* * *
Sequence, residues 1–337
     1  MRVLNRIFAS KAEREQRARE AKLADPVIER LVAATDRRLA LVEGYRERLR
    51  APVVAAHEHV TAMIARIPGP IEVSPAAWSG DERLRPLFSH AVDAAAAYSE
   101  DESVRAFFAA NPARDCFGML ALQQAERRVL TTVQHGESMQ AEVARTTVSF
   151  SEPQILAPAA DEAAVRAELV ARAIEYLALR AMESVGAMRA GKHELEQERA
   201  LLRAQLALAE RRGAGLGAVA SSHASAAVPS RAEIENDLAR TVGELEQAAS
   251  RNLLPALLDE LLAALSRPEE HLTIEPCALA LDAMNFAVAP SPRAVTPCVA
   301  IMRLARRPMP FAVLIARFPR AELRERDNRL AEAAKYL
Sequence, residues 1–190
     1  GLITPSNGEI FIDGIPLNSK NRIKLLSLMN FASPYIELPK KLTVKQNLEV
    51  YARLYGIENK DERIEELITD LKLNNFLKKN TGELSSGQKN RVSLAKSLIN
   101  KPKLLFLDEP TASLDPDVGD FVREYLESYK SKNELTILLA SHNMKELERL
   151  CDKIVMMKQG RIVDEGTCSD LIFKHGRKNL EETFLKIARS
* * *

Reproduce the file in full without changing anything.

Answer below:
Sequence, residues 1–337
     1  MRVLNRIFAS KAEREQRARE AKLADPVIER LVAATDRRLA LVEGYRERLR
    51  APVVAAHEHV TAMIARIPGP IEVSPAAWSG DERLRPLFSH AVDAAAAYSE
   101  DESVRAFFAA NPARDCFGML ALQQAERRVL TTVQHGESMQ AEVARTTVSF
   151  SEPQILAPAA DEAAVRAELV ARAIEYLALR AMESVGAMRA GKHELEQERA
   201  LLRAQLALAE RRGAGLGAVA SSHASAAVPS RAEIENDLAR TVGELEQAAS
   251  RNLLPALLDE LLAALSRPEE HLTIEPCALA LDAMNFAVAP SPRAVTPCVA
   301  IMRLARRPMP FAVLIARFPR AELRERDNRL AEAAKYL
Sequence, residues 1–190
     1  GLITPSNGEI FIDGIPLNSK NRIKLLSLMN FASPYIELPK KLTVKQNLEV
    51  YARLYGIENK DERIEELITD LKLNNFLKKN TGELSSGQKN RVSLAKSLIN
   101  KPKLLFLDEP TASLDPDVGD FVREYLESYK SKNELTILLA SHNMKELERL
   151  CDKIVMMKQG RIVDEGTCSD LIFKHGRKNL EETFLKIARS